Yes, you do. Fortunately, our tax software allows you to complete up to 4 owners per property.

It depends on the type of declaration.

If the property is not rented out, it must be declared an imputed income once a year for the period of time during which the property has been available to the owner. Imputed income is declared the year after e.g. imputed income for 2020 must be declared in 2021. The tax deadline is 31st December, but IberianTax is only available until 20th December.

If the property is rented out, non-residents must declare rental income on a quarterly basis in the first 20 days of April, July, October and January with respect to the immediately previous quarter. IberianTax is only available until 15th April, July, October and January.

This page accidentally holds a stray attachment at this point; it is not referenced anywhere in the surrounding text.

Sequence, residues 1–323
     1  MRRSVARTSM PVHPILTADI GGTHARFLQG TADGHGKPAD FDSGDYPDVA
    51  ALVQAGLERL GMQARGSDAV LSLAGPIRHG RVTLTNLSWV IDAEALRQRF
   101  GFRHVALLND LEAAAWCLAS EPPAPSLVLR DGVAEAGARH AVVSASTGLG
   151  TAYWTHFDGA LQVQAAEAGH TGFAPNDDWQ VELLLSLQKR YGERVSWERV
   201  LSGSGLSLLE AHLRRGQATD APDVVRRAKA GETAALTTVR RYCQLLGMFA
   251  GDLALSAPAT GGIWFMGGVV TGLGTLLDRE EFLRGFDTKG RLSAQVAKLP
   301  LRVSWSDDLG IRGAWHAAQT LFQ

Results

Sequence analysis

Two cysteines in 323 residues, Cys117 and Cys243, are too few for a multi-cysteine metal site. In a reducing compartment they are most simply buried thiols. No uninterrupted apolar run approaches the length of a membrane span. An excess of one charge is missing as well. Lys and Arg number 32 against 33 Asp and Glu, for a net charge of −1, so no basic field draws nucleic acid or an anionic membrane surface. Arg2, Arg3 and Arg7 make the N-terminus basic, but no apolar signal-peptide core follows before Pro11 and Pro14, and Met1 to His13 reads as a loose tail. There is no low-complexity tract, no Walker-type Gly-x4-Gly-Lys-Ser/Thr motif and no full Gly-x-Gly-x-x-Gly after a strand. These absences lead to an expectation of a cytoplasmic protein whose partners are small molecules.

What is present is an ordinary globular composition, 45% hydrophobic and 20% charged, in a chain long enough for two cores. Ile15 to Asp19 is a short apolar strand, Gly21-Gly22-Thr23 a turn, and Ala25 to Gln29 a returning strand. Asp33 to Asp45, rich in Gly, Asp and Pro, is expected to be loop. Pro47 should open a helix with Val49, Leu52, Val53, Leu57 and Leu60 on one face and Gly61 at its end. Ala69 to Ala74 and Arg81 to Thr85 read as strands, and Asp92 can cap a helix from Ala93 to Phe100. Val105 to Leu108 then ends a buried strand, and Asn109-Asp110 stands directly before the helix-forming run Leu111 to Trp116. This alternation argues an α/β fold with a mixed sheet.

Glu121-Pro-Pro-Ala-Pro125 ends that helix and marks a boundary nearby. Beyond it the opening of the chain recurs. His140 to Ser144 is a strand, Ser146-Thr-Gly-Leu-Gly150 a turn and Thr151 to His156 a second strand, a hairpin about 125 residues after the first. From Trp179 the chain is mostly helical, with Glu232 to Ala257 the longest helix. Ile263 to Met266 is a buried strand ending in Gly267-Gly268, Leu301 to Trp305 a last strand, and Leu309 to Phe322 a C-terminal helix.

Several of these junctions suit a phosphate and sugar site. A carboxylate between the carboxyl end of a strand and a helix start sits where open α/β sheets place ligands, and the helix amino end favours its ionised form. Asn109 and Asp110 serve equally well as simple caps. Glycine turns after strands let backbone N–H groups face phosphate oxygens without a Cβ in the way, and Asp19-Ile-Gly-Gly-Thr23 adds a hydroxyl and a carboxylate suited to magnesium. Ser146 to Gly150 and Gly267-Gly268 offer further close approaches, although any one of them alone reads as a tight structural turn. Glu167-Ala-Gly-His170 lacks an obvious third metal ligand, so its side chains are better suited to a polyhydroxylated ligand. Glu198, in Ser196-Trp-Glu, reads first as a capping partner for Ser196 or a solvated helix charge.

For example, If the property is rented out only in June 2020(second quarter), the owner must have filed a Form 210 in the first 20 days of July 2020. The days during which the property is not rented generate imputed income that is declared in the following year.

The Spanish tax authorities do not send you any reminders on this matter nor any information you need to act yourself!

However, if you are registered at IberianTax you will receive a reminder each tax period.